Anticipating a future with widespread access to large digital libraries of video, a great deal of research is currently focused on many areas related to digital video. Research in these areas requires that each investigator acquire and digitize video for their studies since the multimedia information retrieval community does not yet have a standard collection of video to be used for research purposes.
The purpose of the Open Video Project is to collect and make available a repository of digitized video content for the digital video, multimedia retrieval, digital library, and other research communities. Researchers can use the video to study a wide range of problems, such as tests of algorithms for automatic segmentation, summarization, and creation of surrogates that describe video content; the development of face recognition algorithms; or creating and evaluating interfaces that display result sets from multimedia queries. Because researchers attempting to solve similar problems will have access to the same video content, the repository is also intended to be used as a test collection that will enable systems to be compared, similar to the way the TREC conferences are used for text retrieval.
This repository is hosted as one of the first channels of the Internet 2 Distributed Storage Infrastructure Initiative, a project that supports distributed repository hosting for research and education in the Internet 2 community.
The Open Video Project is sponsored by and developed at the Interaction Design Laboratory at the School of Information and Library Science, University of North Carolina Chapel Hill. The project is supervised by Dr. Gary Marchionini and Dr. Barbara M. Wildemuth and currently developed primarily by Dr. Gary Geisler and Yaxiao Song. People who used to be actively involved in the developing team include Rich Gruss, Meng Yang, Xiangming Mu, Anthony Hughes, Thomas Tolleson, and Curtis Webster. The initial framework for the repository was developed by Laura Slaughter as part of the Baltimore Learning Community Project at the University of Maryland and she collected and digitized much of the first stage of video content. Please contact us if you have suggestions, questions, video to contribute, or would like more information about the project.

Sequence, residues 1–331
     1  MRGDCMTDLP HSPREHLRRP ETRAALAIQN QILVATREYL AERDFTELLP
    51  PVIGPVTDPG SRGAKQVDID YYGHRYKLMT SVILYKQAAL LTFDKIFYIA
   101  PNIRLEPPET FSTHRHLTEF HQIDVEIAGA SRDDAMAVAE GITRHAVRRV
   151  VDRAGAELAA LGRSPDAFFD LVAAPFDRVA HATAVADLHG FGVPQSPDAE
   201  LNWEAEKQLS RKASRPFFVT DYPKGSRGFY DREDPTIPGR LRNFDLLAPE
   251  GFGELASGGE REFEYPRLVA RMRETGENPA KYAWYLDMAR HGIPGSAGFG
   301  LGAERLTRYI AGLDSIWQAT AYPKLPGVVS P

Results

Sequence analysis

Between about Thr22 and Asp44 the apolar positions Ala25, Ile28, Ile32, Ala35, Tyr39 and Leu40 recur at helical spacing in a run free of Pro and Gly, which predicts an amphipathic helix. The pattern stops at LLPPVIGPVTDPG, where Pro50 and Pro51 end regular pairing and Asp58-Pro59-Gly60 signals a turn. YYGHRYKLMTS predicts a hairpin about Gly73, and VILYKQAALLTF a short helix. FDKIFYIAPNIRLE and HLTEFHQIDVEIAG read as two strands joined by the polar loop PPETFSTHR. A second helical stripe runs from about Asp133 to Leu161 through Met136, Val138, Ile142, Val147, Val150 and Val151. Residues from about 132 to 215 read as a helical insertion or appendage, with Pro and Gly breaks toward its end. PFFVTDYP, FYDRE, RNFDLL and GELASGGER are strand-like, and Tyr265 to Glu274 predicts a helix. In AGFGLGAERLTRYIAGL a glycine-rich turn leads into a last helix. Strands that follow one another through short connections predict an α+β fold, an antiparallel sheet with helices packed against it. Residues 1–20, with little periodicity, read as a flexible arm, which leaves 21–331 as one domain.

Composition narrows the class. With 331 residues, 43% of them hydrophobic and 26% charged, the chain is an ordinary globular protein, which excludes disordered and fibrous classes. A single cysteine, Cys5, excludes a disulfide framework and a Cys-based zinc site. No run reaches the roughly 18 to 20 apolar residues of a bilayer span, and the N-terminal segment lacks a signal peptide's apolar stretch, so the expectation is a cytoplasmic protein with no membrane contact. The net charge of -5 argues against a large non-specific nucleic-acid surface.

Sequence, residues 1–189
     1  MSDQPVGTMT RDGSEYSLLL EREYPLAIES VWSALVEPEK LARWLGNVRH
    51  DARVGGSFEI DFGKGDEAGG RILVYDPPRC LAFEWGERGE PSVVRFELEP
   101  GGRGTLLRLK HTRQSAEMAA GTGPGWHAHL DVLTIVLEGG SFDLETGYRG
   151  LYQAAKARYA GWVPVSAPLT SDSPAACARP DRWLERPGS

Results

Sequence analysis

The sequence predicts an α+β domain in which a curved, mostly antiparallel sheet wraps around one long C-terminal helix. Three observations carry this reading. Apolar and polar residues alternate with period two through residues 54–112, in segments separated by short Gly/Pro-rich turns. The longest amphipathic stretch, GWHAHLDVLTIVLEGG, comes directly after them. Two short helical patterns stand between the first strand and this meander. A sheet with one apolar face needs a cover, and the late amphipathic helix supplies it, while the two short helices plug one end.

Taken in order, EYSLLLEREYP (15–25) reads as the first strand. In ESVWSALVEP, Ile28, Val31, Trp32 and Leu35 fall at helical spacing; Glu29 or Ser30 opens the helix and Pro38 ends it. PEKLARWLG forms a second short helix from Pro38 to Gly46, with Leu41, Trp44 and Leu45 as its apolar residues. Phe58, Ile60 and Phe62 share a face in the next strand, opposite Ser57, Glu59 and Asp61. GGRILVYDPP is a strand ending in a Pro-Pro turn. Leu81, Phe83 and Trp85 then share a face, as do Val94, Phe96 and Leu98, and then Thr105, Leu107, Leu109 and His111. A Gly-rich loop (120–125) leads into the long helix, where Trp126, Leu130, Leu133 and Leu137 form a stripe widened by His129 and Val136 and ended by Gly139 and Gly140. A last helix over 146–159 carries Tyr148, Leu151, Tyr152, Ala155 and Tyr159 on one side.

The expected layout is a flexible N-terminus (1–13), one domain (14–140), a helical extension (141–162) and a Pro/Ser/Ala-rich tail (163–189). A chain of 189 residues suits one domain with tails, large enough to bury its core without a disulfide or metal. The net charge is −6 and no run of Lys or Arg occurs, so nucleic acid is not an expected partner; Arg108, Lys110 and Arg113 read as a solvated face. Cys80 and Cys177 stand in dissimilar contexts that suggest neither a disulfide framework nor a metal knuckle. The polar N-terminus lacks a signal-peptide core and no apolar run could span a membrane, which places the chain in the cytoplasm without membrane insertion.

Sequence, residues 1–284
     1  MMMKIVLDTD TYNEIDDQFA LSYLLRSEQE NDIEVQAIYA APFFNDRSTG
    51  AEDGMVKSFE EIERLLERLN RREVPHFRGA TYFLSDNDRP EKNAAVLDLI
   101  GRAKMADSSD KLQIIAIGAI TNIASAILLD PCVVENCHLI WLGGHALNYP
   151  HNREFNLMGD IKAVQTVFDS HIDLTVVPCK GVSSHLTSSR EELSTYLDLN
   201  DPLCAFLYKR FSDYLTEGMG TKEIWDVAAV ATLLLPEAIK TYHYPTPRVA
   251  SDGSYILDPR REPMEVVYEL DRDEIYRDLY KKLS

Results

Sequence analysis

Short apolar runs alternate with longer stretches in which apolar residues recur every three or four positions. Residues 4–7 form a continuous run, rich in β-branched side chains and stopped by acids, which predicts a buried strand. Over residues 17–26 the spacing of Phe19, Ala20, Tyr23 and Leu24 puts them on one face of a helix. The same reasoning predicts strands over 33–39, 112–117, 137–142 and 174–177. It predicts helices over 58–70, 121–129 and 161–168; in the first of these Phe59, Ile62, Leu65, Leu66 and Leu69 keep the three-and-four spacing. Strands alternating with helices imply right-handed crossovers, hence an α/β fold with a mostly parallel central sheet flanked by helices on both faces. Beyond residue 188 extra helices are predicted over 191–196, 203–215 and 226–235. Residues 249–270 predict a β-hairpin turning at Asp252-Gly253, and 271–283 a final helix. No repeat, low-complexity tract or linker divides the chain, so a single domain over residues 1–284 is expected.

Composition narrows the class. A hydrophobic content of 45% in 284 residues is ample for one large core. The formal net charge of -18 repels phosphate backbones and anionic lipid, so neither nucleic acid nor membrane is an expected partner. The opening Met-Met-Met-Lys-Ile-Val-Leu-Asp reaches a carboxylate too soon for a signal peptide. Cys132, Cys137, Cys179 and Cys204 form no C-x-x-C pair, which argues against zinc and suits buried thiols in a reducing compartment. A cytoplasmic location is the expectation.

The Open Video Project began in 1998 with the development of a basic framework and the digitization of the initial content, about 195 video segments. Additional video was also contributed by the CMU Informedia Project, the Howard Hughes Medical Institute, and the Prelinger Archives. This first stage of this project also included entering metadata for each segment into a database, and creating this Web site to enable researchers to access the available video.
In the next stage of the project, we continue to add video segments to the repository, expanding both the available formats (MPEG-1, MPEG-2, MPEG-4, and QuickTime) and genre characterics (student television, anthropological footage, technology demonstrations) of the video. As part of our work at UNC’s Interaction Design Lab, we are also doing research on creating innovative interfaces to the video repository that enable users to more easily search, browse, preview, and evaluate the video in the collection.
We welcome your ideas about these issues and invite active collaboration on these and other issues the community identifies.
The Open Video repository provides video clips from a variety of sources, especially various video programs obtained from U.S. government agencies such as the U.S. Records and Archives Administration and NASA. Although the government agency videos were produced with public funds and are freely available from the Archives, no copyright clearance has been obtained for audio or video elements in these productions. We encourage researchers to use the data under fair use for research purposes. Those wishing to use these video clips in any commercial enterprise must bear the burden of obtaining copyright clearances.”